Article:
10 Apr LinkedIn 101: How to Create an Optimal LinkedIn Presence for Brands
While social media is an undoubtedly imperative aspect of any effective marketing strategy these days, it’s important to be thoughtful about which platforms you choose to utilize for your brand and how each platform differs in terms of best practices. Like anything, a poorly managed social presence may be more detrimental than having no presence at all. In this blog post, we’re going to tackle LinkedIn. While the platform may not make sense for every brand, a LinkedIn presence can be particularly effective for B2B companies looking to connect with prospective clients, or for any organization looking for potential talent, investors, and partners. To help you get started, we’ve created a LinkedIn guide where we’ve laid out some basic best-practice guidelines for brand page optimization and ongoing content output.
Let’s start with the cornerstone of your LinkedIn program, your company page. Leveraging each section optimally and ensuring the use of important search terms will make it easier for target audiences to find your company page online, and add more value when users view the page. We’ve put together a handy checklist of section guidelines and tips for your reference below:
- Company Logo – According to LinkedIn, company pages with a logo get 6 times more traffic to their pages than those without, so be sure to add a high-quality company logo in place of a profile photo on your company page. The logo should be square and sized to 300 x 300 pixels.
- Cover Image – An eye-catching cover image can help your business stand out on the platform and make the page look more complete and professional. We recommend choosing an image that captures the feel of your business or alludes to your particular industry. The image should be high-resolution and sized to 1536 x 768 pixels.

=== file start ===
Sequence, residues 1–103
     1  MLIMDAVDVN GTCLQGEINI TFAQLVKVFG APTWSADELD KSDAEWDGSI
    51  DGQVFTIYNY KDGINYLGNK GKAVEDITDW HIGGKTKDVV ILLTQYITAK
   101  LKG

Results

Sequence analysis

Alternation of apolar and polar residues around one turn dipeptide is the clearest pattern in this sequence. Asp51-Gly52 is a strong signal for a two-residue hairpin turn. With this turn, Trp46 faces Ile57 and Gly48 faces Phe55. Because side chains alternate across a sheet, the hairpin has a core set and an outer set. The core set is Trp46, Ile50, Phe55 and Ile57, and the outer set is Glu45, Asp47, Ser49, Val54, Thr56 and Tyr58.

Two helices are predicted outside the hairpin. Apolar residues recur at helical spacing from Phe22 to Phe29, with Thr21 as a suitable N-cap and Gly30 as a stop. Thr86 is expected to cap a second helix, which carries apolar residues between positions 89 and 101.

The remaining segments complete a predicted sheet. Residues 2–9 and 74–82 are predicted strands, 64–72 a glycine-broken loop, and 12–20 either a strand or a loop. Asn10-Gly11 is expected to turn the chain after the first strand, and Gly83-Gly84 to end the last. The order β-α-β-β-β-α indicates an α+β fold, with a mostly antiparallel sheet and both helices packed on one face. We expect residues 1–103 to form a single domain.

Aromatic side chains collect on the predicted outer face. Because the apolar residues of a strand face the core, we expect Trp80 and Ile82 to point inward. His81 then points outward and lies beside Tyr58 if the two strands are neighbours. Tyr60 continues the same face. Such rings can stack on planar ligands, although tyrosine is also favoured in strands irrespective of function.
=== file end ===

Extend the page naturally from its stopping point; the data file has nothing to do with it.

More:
- Description – You have up to 2,000 characters to explain your company mission, service offerings or products, and why users should care. However, because LinkedIn company pages are SEO friendly, the first 156 characters of your description can be previewed in Google search results, making those first 156 characters particularly important. Be sure to lead with strong, relevant keywords to describe your business and expertise.
- Specialties – Beneath the company description, you can add up to 20 specialties. Because users can search by tags and keywords, it’s important to choose relevant terms that accurately represent your company’s services, products or areas of expertise and to utilize as many of the 20 allotted specialties as possible.
- Company Information – To complete your brand page, provide a URL for your company website and populate additional company details including location, relevant industry, company size, company type and the year the company was founded.
Once your company page is in order, it’s time to shift your focus to content creation. First, determine your overarching objectives on LinkedIn, including who it is you’re looking to attract on the platform, what action you’d like to drive, and what content types will resonate with each target audience group. Then, determine what percentage of your content output you’d like to dedicate to each audience and content category. Once a content mix is solidified, you’ll want to begin planning out content to share via company updates on the platform. While bespoke, owned content will be effective for promoting your brand’s expertise and driving users back to your company website, don’t be afraid to supplement owned content with relevant or newsworthy third-party content (adding in a brand perspective wherever possible) to help break up self-promotion on the platform. Not only will this make your social presence appear more authentic, but it may also help increase your reach—LinkedIn’s algorithm has been suspected of deprioritizing overly-promotional or self-serving content.